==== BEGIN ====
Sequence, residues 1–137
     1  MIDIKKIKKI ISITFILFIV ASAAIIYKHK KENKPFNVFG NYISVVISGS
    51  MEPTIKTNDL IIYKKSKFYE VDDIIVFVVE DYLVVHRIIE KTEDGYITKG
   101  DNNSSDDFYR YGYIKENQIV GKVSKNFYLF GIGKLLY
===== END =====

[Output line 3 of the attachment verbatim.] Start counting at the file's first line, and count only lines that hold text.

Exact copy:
    51  MEPTIKTNDL IIYKKSKFYE VDDIIVFVVE DYLVVHRIIE KTEDGYITKG